January 1, 2008

The Mittster Mash: Romney Was a Tax-Raiser in Massachusetts

Filed under: Economy,Taxes & Government — Tom @ 9:00 pm

From “The REAL Mitt Romney” Video (which is really a “view the whole thing” creation) –

At 4:45 of the vid, former Boston Herald reporter Virginia Buckingham is talking to MSNBC’s Tucker Carlson, at about the time Objectively Unfit Mitt Romney announced his candidacy, about his fiscal record while he was Governor of Massachusetts:


The Mittster Mash: Romney Was Against the 2003 Bush Tax Cuts Before He Was For Them

Filed under: Economy,Taxes & Government — Tom @ 6:00 pm

(To the tune of “The Monster Mash“)

This is to be the first of quite a few posts,
That will show why Mitt Romney and his bid should be toast.

This man is much more scary than any mere ghost.
And thus should be rejected by the voters coast to coast.

We’re doin’ the Mash.
We’re doin’ the Mittster Mash.
The Mittster Mash.
It’s fueled by tons of cash.
The Mittster Mash.
Of his credibility we will make hash.
The Mittster Mash.
We’re doin’ the Mittster Mash.

Mittster Mash posts will go up periodically between now and just after midnight on January 3 ahead of the Iowa caucuses.


Jan. 1, 8:00 p.m. Mittster Mash — Romney “did not agree with” the Bush tax cuts of 2003, yet criticizes opponents who opposed them now.

From the April 11, 2003 Boston Globe (ProQuest database article saved to BizzyBlog hard drive for fair use and discussion purposes; HT EyeOn08) — two days after the fall of Baghdad, Romney would not endorse the proposed Bush tax cuts on dividend income and capital gains (bolds are mine):

Positivity: Man beats 1% survival odds after artery bursts

Filed under: Positivity — Tom @ 9:57 am

From Rochester, NY:

(December 23, 2007) — Trying to save Bruce “Spud” Szpakowski when his main blood vessel burst in August was as dramatic and messy as any ER episode.

His 17-year-old son, Alex, rushed him to Rochester General Hospital. Szpakowski had felt a severe, stabbing side pain at their Irondequoit home and told Alex to get him to the hospital. On the three-mile trip, the father collapsed in the front seat and turned a deathly gray.

Szpakowski’s wife, Eileen Halloran, whom Alex had frantically consulted by cell phone for directions, also raced to the emergency department entrance.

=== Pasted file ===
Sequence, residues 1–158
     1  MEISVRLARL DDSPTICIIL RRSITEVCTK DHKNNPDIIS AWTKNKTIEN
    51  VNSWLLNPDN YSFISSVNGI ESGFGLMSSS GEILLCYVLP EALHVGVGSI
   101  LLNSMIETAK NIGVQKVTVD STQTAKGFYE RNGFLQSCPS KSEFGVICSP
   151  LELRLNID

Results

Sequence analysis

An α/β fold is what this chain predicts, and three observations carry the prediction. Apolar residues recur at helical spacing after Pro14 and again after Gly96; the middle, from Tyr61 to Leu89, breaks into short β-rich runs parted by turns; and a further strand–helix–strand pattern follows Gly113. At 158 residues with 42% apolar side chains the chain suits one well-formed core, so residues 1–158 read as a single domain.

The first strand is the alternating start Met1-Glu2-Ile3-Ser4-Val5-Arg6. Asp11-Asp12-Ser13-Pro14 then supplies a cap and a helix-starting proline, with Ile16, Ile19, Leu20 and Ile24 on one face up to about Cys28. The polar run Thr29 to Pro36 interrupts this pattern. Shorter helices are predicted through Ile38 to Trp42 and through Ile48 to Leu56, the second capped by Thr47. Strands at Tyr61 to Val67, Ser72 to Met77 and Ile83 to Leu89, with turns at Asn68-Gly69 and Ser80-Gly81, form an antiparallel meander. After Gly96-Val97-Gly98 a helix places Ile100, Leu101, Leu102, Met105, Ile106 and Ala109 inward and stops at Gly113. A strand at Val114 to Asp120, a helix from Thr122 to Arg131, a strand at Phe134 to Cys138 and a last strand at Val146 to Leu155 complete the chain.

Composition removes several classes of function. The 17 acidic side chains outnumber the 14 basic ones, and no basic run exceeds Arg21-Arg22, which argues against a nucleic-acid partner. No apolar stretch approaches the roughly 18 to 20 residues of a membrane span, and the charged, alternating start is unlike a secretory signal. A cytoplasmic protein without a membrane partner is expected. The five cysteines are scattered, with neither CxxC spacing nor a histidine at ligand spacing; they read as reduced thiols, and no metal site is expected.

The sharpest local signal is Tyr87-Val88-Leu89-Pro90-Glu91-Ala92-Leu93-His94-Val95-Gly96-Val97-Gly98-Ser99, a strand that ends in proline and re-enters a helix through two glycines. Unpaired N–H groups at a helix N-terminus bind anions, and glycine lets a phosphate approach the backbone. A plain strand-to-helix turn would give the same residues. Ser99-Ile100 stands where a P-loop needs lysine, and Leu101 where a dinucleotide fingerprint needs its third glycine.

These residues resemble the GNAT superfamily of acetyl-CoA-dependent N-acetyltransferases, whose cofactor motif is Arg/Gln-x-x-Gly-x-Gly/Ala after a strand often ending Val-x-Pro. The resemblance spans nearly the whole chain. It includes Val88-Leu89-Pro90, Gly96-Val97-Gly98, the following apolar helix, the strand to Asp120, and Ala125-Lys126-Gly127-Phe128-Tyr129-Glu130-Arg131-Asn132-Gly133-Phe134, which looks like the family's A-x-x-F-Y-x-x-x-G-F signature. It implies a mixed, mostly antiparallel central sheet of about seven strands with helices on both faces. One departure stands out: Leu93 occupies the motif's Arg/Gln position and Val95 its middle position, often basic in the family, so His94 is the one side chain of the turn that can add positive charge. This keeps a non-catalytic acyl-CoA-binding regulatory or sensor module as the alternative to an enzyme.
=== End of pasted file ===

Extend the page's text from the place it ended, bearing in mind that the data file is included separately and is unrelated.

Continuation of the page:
“Spud is being pulled out of the passenger side, looking dead, and I was screaming, ‘Is he breathing? Is he breathing?’” Halloran recounted.

Inside, a bedside ultrasound by Dr. Bryan Gargano, emergency room physician, revealed an aortic aneurysm had ruptured in the abdomen.

Dr. Patrick Riggs, chief of vascular surgery, alerted the operating room crew to get ready as he approached the 49-year-old patient’s side.

Riggs felt no pulse.

Szpakowski received chest compressions as he .was rolled to the operating room.

“For all intents and purposes, he’s dead,” said Riggs. But the team — including vascular surgeon Kevin Geary, anesthesiologist Jeff Rosenberg and scrub nurse Ginny Thomas— went to work.

Riggs cut down the middle of the abdomen and blood spilled over the table and their shoes.

“You have to reach in and operate on feel,” said Riggs. Szpakowski’s aorta, not pulsating, felt like everything around it. Riggs found and clamped it off..

Sewing the graft in place was like fighting underwater, said Riggs, a surgeon since 1994.

Until bags of blood could be hung and secured to pressurized devices, the anesthesiologist held and squeezed the bags in the air.

A cell-saving device sucked the spilled blood from the abdomen and strained out and returned the red cells. He received about 10 units of blood that way, as well as transfusions of 23 units of blood, 10 units of fresh frozen plasma and 10 units of cryoprecipitate to help restore blood clotting factors. The average adult body contains 10 pints of blood.

An hour of hectic work had gone by. The odds of survival kept dropping.

Szpakowski was so swollen that his abdomen couldn’t be sewn shut or he wouldn’t be able to breathe. So his incision was covered but not closed for days. His anxious family was able to see him in the surgical intensive care unit.

The next day, members of the medical team high-fived in the hall, amazed that Szpakowski was still alive. Griggs estimates that less than 1 percent of people in Szpakowski’s situation — ruptured aneurysm, major blood loss and needing chest compressions — survive. …..

Go here for the rest of the story.

Happy New Year to All!

Filed under: General — Tom @ 12:03 am

To a blessed 2008: